littlegirlA kidnapper is also at work in Brian McGilloway’s Little Girl Lost (Harper Impulse, digital galley), the involving first entry in a new series featuring police detective Lucy Black of Derry, Northern Ireland. The title could refer to the shivering girl found in the midst of a snowy midwinter woods with someone else’s blood on her hands. Traumatized by her experience, the unidentified child bonds with Lucy, who would rather be working the McLaughlin case. Teenage Kate McLaughlin, daughter of a local real estate tycoon, is another missing girl, apparently kidnapped. The police force is concentrating all its efforts on finding Kate, even though Lucy suspects the cases are connected. But Lucy, at heart, is also a little girl lost, coping with her divorced dad’s dementia and her conflicted feelings about her mother, who is not just her boss but boss of the force. Two more Lucy Black thrillers are on the way. I’ll read them.

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My recent appetite for books is bordering on the insatiable. No sooner do I check out a new book from the library or receive an ARC in the mail than I read about another title I that sounds great or someone mentions a book not yet on my radar. It reminds me of when I was a kid and would go to the library and check out a stack of books and read them one after another. The only problem with reading as fast as I can is that the blogging goes a bit by the wayside. But here goes:

Ashley Judd has a new TV series about an ex-CIA agent who is also a mom, so I can totally see Judd playing Kate Moore, the winning protagonist of Chris Pavone’s clever first thriller, The Expats (Crown; library hardcover). When Kate’s husband gets a high-tech job in banking security in Luxembourg, she happily ditches her CIA job — which hubby Dexter never knew about — and moves overseas to be a full-time mom to two young sons. But she soon tires of domestic chores, and begins eyeing another American expat couple with suspicion. Something about Bill and Julia doesn’t ring true. Are they assassins targeting a government official from their neatly situated apartment, or is Kate just paranoid? Maybe they’re after her and her old secrets. Surely they’re not trailing geeky Dexter. What could he be hiding?

Pavone shifts back and forth from present-day Paris to Luxembourg two years ago, sometimes flashing back to Kate’s career as a spy. Pay attention. Things start slowly, but before long, Pavone hits the black-diamond trail with all its risky twsts and heart-stopping turns. Both he and Kate are real pros at the espionage game. I hope there’s a sequel.

Peter Robinson, author of the excellent and long-running Inspector Alan Banks series, goes the stand-alone route in the absorbing Before the Poison (Morrow; review copy), which favorably reminds me of both Ruth Rendell/Barbara Vine’s novel A Dark-Adapted Eye and the Kenneth Branagh film Dead Again. Chris Lowndes, a 60sh Hollywood film composer still grieving for his late wife, returns to the Yorkshire Dales of his youth, buying a big old country house. Even before he learns its peculiar history, he finds Kilnsgate curiously atmospheric, as if past events have left trace memories, which Chris is now reading.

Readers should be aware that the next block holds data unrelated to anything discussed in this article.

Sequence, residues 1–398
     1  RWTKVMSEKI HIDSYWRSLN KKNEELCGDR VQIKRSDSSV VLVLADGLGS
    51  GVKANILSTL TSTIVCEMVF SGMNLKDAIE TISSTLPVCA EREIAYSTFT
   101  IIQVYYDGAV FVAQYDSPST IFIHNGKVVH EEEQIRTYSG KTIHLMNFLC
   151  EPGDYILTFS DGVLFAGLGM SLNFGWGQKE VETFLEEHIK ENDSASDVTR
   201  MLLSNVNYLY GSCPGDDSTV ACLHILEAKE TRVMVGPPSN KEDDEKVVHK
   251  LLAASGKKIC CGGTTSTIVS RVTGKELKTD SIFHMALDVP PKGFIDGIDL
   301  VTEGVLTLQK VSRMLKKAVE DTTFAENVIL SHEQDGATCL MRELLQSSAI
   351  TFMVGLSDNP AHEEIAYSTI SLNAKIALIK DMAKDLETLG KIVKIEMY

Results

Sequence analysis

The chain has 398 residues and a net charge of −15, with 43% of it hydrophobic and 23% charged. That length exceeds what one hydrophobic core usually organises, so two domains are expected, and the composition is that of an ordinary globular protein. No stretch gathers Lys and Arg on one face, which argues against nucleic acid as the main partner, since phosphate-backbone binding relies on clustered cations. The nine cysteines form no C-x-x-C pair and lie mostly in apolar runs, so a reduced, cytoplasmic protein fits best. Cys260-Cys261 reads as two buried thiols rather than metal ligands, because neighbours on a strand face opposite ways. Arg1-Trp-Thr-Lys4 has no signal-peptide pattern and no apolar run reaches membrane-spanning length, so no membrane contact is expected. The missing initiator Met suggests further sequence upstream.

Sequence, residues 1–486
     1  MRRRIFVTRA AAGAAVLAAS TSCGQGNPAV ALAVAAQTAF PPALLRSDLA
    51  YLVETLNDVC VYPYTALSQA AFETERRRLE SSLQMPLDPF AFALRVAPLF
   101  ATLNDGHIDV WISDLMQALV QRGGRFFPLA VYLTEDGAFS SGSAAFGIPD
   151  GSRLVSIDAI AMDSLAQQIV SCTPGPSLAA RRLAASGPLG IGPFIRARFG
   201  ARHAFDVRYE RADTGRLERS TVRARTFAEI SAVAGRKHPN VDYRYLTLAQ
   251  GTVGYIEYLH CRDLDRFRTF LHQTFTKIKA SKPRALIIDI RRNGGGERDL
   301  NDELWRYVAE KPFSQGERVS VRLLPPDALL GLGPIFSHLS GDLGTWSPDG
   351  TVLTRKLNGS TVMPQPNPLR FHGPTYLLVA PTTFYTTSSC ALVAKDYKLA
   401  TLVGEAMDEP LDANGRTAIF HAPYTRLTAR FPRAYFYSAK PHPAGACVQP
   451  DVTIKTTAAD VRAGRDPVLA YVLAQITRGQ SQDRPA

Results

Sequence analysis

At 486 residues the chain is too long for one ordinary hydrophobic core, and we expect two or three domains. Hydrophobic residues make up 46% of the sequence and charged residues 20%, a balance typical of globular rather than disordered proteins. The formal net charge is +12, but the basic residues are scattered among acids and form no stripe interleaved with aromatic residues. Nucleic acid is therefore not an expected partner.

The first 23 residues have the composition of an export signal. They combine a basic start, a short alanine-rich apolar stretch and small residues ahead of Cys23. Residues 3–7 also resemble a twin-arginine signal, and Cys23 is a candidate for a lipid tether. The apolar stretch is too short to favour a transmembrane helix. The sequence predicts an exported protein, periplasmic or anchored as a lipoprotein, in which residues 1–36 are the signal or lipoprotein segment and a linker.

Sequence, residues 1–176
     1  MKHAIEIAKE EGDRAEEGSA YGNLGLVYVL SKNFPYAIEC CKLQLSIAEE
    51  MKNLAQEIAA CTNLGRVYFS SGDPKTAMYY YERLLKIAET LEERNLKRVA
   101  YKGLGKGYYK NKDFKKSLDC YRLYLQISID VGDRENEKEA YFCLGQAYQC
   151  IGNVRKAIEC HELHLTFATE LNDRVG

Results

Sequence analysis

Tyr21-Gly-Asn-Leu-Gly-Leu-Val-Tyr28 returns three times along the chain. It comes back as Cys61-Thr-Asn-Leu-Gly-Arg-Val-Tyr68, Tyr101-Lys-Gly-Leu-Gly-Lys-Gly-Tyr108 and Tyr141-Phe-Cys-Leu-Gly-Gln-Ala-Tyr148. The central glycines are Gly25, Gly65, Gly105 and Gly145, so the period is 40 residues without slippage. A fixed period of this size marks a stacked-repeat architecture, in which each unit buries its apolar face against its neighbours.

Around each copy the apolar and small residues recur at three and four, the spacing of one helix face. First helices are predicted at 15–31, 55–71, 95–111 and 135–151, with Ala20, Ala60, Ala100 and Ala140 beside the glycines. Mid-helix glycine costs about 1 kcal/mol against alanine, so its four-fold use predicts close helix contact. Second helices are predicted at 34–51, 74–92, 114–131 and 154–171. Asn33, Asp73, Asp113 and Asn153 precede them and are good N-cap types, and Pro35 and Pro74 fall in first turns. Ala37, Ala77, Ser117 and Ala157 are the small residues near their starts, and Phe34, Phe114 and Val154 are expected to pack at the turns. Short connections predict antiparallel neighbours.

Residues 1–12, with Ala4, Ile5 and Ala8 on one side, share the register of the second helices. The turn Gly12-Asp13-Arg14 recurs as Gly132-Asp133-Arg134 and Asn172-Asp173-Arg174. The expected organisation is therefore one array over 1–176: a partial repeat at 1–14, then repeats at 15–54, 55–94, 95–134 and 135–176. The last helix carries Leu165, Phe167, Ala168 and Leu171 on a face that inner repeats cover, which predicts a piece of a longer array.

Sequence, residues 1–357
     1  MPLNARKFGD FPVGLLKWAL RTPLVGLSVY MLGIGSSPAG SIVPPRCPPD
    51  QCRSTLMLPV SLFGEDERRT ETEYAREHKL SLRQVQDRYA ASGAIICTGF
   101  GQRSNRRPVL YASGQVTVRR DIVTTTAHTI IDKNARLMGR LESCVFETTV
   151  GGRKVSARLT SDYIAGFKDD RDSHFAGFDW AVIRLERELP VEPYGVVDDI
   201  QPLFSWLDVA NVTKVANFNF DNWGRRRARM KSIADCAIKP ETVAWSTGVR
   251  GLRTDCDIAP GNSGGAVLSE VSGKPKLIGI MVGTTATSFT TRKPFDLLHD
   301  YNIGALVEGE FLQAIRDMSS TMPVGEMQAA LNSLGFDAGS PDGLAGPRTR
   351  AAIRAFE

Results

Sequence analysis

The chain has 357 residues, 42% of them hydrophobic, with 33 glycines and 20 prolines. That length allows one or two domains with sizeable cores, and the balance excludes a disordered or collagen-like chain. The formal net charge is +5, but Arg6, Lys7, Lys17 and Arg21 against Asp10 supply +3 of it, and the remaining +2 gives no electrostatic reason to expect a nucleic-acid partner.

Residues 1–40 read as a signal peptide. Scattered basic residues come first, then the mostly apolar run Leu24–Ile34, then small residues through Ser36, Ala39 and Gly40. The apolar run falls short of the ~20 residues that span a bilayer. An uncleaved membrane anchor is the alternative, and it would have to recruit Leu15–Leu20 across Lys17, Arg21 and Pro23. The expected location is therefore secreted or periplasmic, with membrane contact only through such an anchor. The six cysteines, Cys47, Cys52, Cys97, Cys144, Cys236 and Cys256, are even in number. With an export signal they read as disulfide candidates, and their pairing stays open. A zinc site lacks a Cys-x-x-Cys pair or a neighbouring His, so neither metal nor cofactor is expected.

Or is he just suggestible by nature, especially after learning that Kilnsgate was once home to Grace Fox, who was hanged for poisoning her doctor husband in the early 1950s? The more Chris learns about lovely Grace, the more convinced he becomes that perhaps she didn’t commit the crime for which she was executed.

Robinson neatly juxtaposes Chris’ first-person narrative with a rather dry account of Grace’s trial and the events leading up it, and then with Grace’s surprising journal entries chronicling her experiences as a World War II nurse in Singapore and the South Pacific. No wonder she haunts Chris’ imagination if not the halls of Kilnsgate itself. As for Chris, he’s an intelligent observer who likes classical music, fine art, good food, old movies and Alan Furst’s espionage novels. Mmm, I’d hit him up on Match.com, not that I’ve ever been there.

I’ve always been quite fond of Hamish Macbeth, the red-headed Scottish constable featured in more than two dozen nimble mysteries by M.C. Beaton. Hamish has a checkered romantic history, but he’s between lady friends in Death of a Kingfisher (Grand Central Publishing; digital galley from NetGalley). Not surprisingly, he’s attracted to pretty albeit married Mary Leinster, a newcomer to Lochdubh who has turned beautiful Buchan’s Woods into a tourist attraction, Fairy Glen.

But someone is up to mischief and then murder at Fairy Glen, heralded by the hanging of the gorgeous kingfisher who nests there. Then a bridge collapses, and the body count mounts as various characters meet their maker in extraordinary fashion. Death by rocket-propelled riding stairlift through the roof may seem a wee bit over the top, but the conclusion, involving international spies, is even more far-fetched. But still good fun.

Joshilyn Jackson’s A Grown-Up Kind of Pretty (Grand Central Publishing, digital galley from NetGalley) is one of those good Southern novels with many funny characters and funny stuff going on, only “funny” is more “funny peculiar” than “funny ha-ha.”

Ginny Slocumb is nervous. She was 15 and unwed when she had her daughter Liza, who in turn, was 15 and unmarried when she gave birth to Mosey. Now Mosey is 15, and Ginny, known as Big, is wondering when Mosey might be expecting, except that her awkward, endearing granddaughter doesn’t have a beau, just a friend who is a dorky boy. And it may be that fate has already dealt the Slocumb women their 15-year-blow. Liza, a former drug addict, has been crippled by a stroke, and when Big decides to dig up the backyard willow tree for a swimming pool, the bones of a baby are unearthed. Where did they come from? Big has her suspicions, but Liza remains locked in her secret world, and the truth may destroy the family.

The three main characters take turns with the narrative, and Jackson creates three distinctive voices. She also is very good at evoking the sultry Mississippi heat and the class suffocation that stifles the town. A snobby matriarch borders on the cliche, and some secrets fail to surprise, but a lonely girl from the wrong side of town tugs on Big’s heartstrings.

Open Book: I’m nowhere near finished, so look for Part II in a couple of days.